JACKSON — The Mississippi House voted yesterday to change the state budget process in a way some members call unfair and others call accountable.
The change is part of a resolution that would set the joint operating rules of the House and Senate for the four-year term that started last month. It says any lawmaker who wants to add money to a program, such as education, must cut that same amount from other programs.
“It’s just good, sound budget policy,” said House Rules Committee chairman Mark Formby, R-Picayune.
Until now, people who wanted to increase spending in one area didn’t have to say where other cuts should be made. House and Senate leaders negotiated to cut other programs or to pull money from financial reserves. Some spending proposals died.
Formby said members from both political parties, in the past, have pushed to put more money in particular programs without saying where the money would come from.
Legislators are already required to ultimately write a balanced annual budget.
Supporters say the new plan would help keep numbers balanced throughout the several months of the budgeting process. Opponents say the plan is too limiting because it would not allow members to add money to programs by taking the cash from any of the state’s several financial reserve funds.
“I really believe this is the biggest bunch of bunk I’ve seen in my 29 years up here,” said Rep. Steve Holland, D-Plantersville.
With Republicans now controlling both chambers of the Legislature, Democrats are fussing the loudest about the proposed budgeting change. But several Democrats said yesterday the change could limit the powers of any lawmaker to seek more money for projects in their home districts. They specifically mentioned the Mississippi School of the Arts in Brookhaven, which is in the district of Republican Rep. Becky Currie.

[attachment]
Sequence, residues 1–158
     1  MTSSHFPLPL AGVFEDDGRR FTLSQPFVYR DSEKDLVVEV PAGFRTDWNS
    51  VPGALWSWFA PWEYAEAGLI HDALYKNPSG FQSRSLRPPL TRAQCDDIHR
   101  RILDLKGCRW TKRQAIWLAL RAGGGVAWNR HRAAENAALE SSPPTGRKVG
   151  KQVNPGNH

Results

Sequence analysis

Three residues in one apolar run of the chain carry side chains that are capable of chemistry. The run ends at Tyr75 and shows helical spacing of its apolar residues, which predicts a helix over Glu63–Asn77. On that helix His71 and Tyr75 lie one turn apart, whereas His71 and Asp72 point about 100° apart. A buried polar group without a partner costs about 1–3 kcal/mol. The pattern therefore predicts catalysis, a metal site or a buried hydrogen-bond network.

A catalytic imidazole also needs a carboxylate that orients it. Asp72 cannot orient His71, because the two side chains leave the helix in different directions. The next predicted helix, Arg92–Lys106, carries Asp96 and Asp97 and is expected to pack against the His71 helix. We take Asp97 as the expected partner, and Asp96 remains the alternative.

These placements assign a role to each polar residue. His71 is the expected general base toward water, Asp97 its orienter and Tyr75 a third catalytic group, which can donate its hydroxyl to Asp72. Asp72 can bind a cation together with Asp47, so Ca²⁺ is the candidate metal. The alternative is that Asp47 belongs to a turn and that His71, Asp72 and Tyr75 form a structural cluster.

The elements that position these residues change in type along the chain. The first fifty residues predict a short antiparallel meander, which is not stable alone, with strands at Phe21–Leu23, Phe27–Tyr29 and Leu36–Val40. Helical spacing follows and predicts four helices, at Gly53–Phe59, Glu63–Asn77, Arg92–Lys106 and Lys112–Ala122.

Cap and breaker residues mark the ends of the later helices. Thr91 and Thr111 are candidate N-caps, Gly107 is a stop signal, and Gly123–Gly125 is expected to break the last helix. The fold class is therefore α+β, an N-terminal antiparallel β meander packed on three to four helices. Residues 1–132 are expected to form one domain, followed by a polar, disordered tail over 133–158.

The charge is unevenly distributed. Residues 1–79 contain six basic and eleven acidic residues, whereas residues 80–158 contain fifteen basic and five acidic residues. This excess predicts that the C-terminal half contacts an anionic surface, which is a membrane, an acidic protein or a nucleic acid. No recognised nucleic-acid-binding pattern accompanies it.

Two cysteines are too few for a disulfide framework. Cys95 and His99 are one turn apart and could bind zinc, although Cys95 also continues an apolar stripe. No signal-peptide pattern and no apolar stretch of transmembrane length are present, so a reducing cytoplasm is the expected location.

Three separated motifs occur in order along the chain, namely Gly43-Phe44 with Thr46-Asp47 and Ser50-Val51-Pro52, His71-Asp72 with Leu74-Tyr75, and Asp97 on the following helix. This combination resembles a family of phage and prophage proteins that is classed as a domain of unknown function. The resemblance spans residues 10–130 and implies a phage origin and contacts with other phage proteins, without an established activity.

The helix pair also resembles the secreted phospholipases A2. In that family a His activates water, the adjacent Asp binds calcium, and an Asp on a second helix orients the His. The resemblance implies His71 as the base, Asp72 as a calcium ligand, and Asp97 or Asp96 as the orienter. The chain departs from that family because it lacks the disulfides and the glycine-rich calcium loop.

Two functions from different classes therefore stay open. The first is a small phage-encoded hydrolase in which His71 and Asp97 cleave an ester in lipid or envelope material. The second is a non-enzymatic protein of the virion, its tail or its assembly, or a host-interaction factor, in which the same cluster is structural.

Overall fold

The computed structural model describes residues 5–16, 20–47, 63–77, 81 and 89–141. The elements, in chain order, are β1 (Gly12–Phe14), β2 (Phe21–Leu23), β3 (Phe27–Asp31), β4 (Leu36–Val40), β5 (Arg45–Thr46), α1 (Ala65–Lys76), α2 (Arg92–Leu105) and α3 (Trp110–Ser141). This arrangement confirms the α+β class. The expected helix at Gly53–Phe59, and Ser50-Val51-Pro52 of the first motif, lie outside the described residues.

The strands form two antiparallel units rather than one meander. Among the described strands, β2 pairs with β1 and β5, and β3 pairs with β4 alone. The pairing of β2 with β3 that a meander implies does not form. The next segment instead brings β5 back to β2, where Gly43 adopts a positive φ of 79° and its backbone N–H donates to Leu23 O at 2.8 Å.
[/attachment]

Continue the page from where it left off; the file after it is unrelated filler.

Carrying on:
Currie was among the Republicans voting for the change.
The resolution passed the House 72-48 yesterday. It awaits consideration in the Senate.
The state budget is passed each year in more than 100 bills that spell out the funding for various agencies. Half the bills start in the House and half start in the Senate. Midway through the process, the chambers exchange bills for more work. At the end, a few negotiators from each chamber huddle and decide on the final versions of bills, which are then sent for approval of the House and Senate before going to the governor.
Rep. Cecil Brown, D-Jackson, was one of the top budget writers in the House the past several years, when Democrats controlled the chamber. He said the proposed change is unworkable because the House isn’t allowed to amend bills that are in the Senate, or the other way around. That means it’s impossible for a House member to propose cutting funding from any specific agency if that agency’s budget bill is being considered by the Senate.
“This could be one of the gigantic ‘situations all fouled up’ that you’ve ever seen,” Brown said.
House Appropriations Committee Chairman Herb Frierson, R-Poplarville, said it’s too easy now for members to say they support keeping millions in the state’s rainy day fund while also trying to pad the budget by pulling money from the fund and steadily reducing its balance.
Frierson said “It takes a lot more intestinal fortitude” for a member to publicly say they’re willing to cut one agency’s budget to give money to another program.
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